Last modified: 2015-04-07
This paper focuses on the boom of photovoltaic electricity sector in the Czech Republic in years 2007–2010. According to the 2001 EU directive, a legislation supporting the renewable electricity production passed through the Czech parliament in 2005. It was not flexible enough to allow responsible institutions to change the guaranteed subsidies (feed-in-tariffs) significantly to react to the 2007–2009 fall of investment costs of the photovoltaic industry. As a result of this the installed output of photovoltaic power stations rose from 0,01 % of overall installed output in 2007 to 9,7 % in 2010. Legislation cut the feed-in-tariffs for new power stations strictly in 2010 and a retroactive tax was put on some of those already built.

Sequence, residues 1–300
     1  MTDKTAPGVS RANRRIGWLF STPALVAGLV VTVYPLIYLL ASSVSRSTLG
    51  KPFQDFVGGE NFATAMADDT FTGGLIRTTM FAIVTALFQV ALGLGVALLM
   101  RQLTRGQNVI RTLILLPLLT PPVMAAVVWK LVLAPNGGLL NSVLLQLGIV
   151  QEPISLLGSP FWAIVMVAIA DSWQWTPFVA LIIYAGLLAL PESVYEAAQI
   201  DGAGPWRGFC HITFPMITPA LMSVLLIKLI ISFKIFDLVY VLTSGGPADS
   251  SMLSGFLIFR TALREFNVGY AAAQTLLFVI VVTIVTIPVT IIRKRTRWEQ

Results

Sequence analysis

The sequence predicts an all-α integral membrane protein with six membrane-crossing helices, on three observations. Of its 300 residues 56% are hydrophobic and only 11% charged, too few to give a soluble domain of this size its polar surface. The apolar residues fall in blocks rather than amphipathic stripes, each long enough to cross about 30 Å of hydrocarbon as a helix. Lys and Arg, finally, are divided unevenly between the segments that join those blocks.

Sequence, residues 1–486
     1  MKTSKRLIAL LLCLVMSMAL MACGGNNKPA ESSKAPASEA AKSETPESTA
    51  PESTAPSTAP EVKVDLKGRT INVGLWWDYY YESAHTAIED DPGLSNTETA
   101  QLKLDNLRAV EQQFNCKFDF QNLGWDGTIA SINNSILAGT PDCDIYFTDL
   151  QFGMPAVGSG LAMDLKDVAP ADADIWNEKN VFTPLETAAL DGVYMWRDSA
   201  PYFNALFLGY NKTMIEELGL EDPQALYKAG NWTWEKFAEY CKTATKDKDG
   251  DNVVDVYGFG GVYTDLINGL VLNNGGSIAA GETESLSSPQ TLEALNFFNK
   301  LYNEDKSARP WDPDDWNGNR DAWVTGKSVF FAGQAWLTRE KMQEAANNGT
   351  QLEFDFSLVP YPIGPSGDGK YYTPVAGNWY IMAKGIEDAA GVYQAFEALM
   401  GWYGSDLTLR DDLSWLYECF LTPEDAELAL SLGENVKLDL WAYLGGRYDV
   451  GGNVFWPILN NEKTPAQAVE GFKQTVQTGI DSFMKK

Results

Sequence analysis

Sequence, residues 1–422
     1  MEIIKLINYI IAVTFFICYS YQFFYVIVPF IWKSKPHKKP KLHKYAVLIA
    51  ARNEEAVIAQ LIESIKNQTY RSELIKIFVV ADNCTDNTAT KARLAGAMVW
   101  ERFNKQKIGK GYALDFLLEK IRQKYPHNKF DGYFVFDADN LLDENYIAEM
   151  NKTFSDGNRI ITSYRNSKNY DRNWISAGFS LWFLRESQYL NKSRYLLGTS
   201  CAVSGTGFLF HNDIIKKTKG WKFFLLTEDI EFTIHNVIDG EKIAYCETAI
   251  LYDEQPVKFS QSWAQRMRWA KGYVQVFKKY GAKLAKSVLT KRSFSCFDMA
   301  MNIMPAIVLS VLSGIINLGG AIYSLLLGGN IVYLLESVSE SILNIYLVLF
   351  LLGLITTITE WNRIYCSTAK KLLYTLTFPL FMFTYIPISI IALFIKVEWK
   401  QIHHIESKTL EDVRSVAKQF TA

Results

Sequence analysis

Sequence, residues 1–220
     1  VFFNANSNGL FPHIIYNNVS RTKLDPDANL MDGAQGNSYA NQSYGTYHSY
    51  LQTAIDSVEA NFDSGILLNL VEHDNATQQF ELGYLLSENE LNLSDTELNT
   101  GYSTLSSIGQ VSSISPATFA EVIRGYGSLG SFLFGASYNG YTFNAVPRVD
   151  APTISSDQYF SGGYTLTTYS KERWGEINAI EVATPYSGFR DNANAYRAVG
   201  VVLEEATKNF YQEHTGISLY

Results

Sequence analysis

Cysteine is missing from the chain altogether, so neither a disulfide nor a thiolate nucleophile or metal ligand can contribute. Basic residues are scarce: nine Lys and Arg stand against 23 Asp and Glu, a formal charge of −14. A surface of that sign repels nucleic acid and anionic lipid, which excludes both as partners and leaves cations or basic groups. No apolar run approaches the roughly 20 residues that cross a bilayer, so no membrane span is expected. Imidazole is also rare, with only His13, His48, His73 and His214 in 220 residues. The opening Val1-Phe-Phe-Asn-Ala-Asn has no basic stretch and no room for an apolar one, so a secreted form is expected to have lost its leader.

Implementation of the photovoltaics resulted in various problems, including the legal and socio-political issues. Its economic effectiveness is also questionable. Moreover, the problematic case led to the decrease of subsidies to other renewable sources of energy and to some extent also to the negative perception of renewables as whole. Using the data from governmental agencies and public sources of information (laws, reports, statistical sources and media) this paper aims to describe the implementation process and discuss some potential consequences of the problematic realization of the subsidies. Though the Czech case was not intentionally labelled as “green growth” policy, it is framed as a part of green growth, due to being in accordance with its strong focus on the renewable sources of energy.